The advent of Final Cut Pro means that there is finally an affordable editing system that really works, according to Bob Sarles, filmmaker, producer and editor for Ravin’ Films.
During his 21-year career, he’s edited on film, videotape, and non-linear editing systems. Sarles has a varied background. He was an apprentice editor for the Academy-Award winning film, “The Right Stuff,” and an assistant editor for “Henry & June,” “My Blue Heaven” and “Dirty Rotten Scoundrels.” He has edited corporate and industrial films for Levi’s, AT&T and other companies, and edited regional and national television commercials on a freelance basis. Sarles has also worked as senior editor for the commercial editorial department at Industrial Light and Magic.
“I own three Macs, a Power Mac G4 dedicated to my Final Cut Pro editing system, a PowerBook that I travel with and an iMac that is my family’s computer,” he said in an
Apple Hot News story. Besides Final Cut Pro and his Macs, Sarles uses a Sony DVCam PD150 video camera, and runs Photoshop, After Effects and ProTools.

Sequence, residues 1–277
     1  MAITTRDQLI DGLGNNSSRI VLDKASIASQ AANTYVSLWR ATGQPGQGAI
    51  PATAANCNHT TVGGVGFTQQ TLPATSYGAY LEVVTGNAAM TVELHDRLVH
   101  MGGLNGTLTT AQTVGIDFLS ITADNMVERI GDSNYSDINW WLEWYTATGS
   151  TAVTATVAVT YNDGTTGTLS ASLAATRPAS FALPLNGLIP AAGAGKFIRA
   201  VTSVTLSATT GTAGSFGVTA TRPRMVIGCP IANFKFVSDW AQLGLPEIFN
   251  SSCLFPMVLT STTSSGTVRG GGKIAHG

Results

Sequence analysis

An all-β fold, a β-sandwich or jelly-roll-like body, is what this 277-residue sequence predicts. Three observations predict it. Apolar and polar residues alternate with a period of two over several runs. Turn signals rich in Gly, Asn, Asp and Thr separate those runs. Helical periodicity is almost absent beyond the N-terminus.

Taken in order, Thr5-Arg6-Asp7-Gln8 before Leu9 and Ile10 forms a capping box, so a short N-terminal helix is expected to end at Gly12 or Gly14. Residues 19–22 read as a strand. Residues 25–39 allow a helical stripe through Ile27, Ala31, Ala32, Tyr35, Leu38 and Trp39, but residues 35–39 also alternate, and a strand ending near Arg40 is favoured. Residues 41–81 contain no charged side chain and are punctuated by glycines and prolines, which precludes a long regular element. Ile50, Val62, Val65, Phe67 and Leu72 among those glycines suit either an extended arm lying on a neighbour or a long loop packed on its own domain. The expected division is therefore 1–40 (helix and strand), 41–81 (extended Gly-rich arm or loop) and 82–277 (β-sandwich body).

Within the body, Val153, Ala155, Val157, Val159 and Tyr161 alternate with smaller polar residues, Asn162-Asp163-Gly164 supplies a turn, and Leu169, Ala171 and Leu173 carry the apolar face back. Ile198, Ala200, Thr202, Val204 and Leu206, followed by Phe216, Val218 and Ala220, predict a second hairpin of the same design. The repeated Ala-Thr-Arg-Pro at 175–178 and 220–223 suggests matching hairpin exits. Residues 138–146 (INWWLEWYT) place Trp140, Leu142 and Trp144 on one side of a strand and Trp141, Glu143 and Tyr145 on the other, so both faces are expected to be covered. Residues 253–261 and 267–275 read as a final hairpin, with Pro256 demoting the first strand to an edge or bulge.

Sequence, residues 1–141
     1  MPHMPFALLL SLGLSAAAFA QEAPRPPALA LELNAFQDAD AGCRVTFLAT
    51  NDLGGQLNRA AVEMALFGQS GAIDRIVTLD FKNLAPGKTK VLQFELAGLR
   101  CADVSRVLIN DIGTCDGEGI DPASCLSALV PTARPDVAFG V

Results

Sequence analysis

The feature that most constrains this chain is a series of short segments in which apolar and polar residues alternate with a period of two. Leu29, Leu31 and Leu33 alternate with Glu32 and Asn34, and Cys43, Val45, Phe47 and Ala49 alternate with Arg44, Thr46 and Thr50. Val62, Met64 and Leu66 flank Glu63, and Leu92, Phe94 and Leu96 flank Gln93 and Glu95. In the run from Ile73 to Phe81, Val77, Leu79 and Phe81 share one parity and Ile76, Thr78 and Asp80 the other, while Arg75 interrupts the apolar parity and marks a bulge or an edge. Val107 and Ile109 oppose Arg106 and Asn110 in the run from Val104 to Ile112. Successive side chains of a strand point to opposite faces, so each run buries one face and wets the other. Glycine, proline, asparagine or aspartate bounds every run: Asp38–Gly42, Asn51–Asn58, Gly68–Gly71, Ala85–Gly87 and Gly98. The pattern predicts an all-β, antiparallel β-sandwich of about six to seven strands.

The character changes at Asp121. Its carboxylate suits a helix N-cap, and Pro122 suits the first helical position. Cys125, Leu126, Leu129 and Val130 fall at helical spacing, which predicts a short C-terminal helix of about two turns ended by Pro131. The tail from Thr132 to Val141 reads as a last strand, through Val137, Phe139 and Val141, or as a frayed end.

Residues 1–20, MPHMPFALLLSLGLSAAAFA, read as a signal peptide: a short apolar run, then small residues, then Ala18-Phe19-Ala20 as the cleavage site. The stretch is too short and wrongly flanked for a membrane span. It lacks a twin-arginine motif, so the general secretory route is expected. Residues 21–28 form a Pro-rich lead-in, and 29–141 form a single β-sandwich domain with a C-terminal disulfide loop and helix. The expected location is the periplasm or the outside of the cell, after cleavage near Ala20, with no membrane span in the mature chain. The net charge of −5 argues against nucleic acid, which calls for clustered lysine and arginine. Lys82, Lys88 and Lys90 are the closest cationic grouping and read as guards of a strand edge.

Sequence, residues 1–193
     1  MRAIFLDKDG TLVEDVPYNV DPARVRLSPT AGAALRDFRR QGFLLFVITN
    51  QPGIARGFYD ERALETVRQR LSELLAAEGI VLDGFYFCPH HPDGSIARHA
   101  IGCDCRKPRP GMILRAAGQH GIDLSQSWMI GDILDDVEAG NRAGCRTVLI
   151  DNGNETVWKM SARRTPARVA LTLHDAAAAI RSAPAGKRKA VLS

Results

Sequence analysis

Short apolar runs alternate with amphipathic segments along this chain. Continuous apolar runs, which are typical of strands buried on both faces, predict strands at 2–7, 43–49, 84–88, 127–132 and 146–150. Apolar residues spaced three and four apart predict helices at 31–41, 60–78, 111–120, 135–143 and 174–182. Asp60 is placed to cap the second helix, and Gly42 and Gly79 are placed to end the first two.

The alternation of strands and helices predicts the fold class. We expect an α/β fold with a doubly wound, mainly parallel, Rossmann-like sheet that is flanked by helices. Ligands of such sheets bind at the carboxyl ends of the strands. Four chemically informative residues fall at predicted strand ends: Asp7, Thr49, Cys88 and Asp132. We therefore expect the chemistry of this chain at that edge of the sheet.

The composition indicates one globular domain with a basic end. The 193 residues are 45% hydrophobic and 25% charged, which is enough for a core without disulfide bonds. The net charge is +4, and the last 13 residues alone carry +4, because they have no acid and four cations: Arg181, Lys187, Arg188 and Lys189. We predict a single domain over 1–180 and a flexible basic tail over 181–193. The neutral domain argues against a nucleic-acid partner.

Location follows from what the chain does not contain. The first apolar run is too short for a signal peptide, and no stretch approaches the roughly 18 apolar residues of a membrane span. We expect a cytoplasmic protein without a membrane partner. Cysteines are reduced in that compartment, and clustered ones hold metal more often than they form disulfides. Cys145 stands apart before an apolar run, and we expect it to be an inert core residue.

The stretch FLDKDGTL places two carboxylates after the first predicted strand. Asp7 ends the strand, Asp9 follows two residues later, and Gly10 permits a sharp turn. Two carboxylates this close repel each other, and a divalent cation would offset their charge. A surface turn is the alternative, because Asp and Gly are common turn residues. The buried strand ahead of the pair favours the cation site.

“Avid is great and I’ve used it on hundreds of projects but it was always way too expensive for a gypsy editor like me to purchase,” he told Apple. “Final Cut Pro is where it’s at. It will revolutionize the film and television editing business. The Final Cut Pro platform will allow all picture editors to own their own system as well. Soon it will be commonplace for film and television editors to supply their own editing system to a project along with their services, and charge a kit fee for its use.”
Most of the projects he’s involved with as a producer and editor, including network documentaries, television news magazine pieces, and museum exhibit films, can be executed on the FCP system with “as much creativity, technical professionalism, efficiency as on an Avid,” he added.